Leader/Fly : Long 15 foot Tapered leader/glow bug yarn the size of a #10 Royal Wulff*, on the water I used a #10 Foam Hopper

 

# I prefer to use a true to weight double taper line with a simple fairly standard front taper for my rod tests.  Using a true to weight line with a simple front taper, ensures that the way the rod load is experienced is not affected by a specialty taper.  The line has a consistent weight distribution through the belly, and  being a double tapered line the belly is 80ft long. Which means each additional foot of line in the loop beyond the front taper adds the same incremental amount of weight to the load.  This is the fairest way to see how a rod loads over different distances.  Any flat or dead spots in the rod become quickly apparent.
* When I am fishing a dry fly on smallish streams I use a leader between 10 and 15 feet, and dry flies up to the size of a #10 Terrestrial.  So I like to test rods with a long leader and suitable fly size as cast this leader/fly combination a 3 to 4 wt  rod needs a tip that can generate a good tight loop.

Five ways to hold a fly rod.

There are a lot of different ways to hold a fly rod, and it really doesn’t matter which one you adopt, as long as it is the right one for you. Most have pros and cons, but your grip should be relaxed and soft, and allow you to feel and control the rod. Here are five common grips to try out.

Thumb on Top – basic

IMG_2721

The simple grip is how you might hold a golf club or a cricket bat with ypur strong hand. Hold the cork with the palm to the side of the grip and the thumb on top. When casting the thumb stays on top and points in the direction of the cast.

Pros: This grip is simple and it makes it harder to over flex the wrist in the direction of the cast.

Cons: If the wrist is allowed to flex sideways, it can cause the back cast to be hooked behind the angler (poor tracking). This grip has less feel than the Thumb on Top index finger variation, especially on the back cast, and can sometimes lead to an overly tight grip.

Thumb on Top – Index finger variation.

IMG_2723

This is my personal preference, it is a variation of the Thumb-on-top grip, with the index finger crooked and extended further up the grip.  It is on the opposite side of the grip as the thumb and level or with it, or slightly higher up higher the grip. The rod should be held and controlled with the thumb and forefinger. The thumb should feel the pressure of the forward cast, and the index finger the pressure of the back cast. The remaining fingers should be loosely and passively curled around the grip.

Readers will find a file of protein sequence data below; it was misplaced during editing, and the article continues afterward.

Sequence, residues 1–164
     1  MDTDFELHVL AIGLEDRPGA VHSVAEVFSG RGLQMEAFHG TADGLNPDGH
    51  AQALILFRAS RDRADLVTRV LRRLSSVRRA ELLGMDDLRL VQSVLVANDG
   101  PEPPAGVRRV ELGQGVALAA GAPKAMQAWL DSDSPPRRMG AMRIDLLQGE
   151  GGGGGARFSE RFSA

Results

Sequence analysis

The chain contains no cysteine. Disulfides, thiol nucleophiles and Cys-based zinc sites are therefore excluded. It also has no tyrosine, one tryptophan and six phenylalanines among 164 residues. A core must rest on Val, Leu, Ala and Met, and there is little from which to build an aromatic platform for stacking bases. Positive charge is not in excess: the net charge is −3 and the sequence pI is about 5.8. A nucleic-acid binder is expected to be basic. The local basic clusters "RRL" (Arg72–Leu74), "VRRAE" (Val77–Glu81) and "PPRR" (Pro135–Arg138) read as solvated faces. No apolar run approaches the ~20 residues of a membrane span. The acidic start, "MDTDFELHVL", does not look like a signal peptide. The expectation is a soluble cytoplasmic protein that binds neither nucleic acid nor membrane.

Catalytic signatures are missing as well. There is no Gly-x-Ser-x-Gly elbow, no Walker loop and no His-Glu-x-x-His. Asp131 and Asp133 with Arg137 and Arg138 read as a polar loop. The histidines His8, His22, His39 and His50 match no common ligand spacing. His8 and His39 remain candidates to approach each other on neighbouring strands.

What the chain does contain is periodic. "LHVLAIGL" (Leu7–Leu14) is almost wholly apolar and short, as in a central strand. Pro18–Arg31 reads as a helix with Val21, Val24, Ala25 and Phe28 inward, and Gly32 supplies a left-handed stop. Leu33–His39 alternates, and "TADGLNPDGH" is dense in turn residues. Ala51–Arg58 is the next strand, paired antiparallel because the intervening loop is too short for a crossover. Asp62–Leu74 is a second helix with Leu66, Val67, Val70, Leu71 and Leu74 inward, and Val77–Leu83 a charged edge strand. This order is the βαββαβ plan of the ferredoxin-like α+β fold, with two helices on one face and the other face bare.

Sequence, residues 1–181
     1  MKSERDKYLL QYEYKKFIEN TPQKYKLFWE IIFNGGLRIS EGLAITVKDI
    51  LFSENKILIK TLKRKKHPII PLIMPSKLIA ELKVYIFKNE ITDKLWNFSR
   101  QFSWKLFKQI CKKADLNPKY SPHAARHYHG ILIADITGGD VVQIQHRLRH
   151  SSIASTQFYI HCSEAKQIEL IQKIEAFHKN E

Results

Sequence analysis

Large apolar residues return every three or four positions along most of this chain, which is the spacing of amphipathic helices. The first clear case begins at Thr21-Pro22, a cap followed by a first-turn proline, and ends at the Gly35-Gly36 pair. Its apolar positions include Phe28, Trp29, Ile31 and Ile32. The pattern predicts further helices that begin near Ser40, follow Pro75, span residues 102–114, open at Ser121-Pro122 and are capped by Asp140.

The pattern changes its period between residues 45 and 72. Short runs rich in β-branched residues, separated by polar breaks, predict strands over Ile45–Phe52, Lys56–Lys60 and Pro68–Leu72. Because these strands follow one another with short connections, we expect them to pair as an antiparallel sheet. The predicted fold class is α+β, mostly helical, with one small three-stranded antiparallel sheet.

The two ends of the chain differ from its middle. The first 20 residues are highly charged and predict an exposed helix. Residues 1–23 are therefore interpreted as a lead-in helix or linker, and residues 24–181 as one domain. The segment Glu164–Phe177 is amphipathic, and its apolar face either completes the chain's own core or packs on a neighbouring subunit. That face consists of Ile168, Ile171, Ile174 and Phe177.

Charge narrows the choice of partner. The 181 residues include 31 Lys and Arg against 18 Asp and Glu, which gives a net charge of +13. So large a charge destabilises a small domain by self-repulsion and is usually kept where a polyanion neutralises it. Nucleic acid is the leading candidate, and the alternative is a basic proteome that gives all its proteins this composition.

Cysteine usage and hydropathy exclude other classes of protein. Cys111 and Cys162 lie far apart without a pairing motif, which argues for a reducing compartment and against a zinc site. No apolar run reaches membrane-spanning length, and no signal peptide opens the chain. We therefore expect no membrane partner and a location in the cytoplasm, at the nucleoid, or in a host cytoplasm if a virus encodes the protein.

Pros: This makes it harder to over flex the wrist, with the benefit of giving more feel, and lends itself to a softer grip.

Cons: If the wrist is allowed to flex sideways, it can cause the back cast to be hooked behind the angler (poor tracking).

Finger on Top

top

This grip is made with the palm and index finger top of the grip, with index finger extended in the direction of the rod tip. This grip is more often used by small stream and light rod enthusiasts.

Pros: it can aid accuracy, in that the finger can be pointed at the target on the presentation cast.

Cons: A downside of this grip is that it is very easy to over flex the wrist on the forward cast, and introduces too much or badly timed rotation. It also can put a lot of pressure on the index finger tendon, especially with heavier rods.

V-Grip

IMG_2727

This grip is made with the palm almost on top of the rod, but slightly rotated towards the side, with the index finger crooked underneath the rod.

Pros: This grip also provides good feel between the index finger and the thumb. It also helps with a crisper rotation at the end of the forward and back cast as it is more natural to snap the wrist this way.

Cons: However it can be a problem for those who want to over use the wrist( over rotation) or use it at the wrong time (loss of tension mid cast).

3 Point grip

IMG_2724

Attributed to Jason Borger, this is a variation of the V-grip. In this variation the Index finger is extended along the side of the grip, and the rod is held between thumb and middle finger. The remaining two fingers are curled lightly around the grip. This grip can feel strange to start, but advocates will tell you this soon passes.

Pros: This grip offers similar benefits to the V-grip, with the index finger providing stabilization, preventing unwanted sideways wrist flexion. It also provides good feel between the second finger and the thumb. It also helps with a crisper rotation at the end of the forward and back cast as it is more natural to snap the wrist this way.

Cons: This grip can be a problem for those who want to over use the wrist (over rotation) or use the wrist at the wrong time (loss of tension mid cast).

Summing up: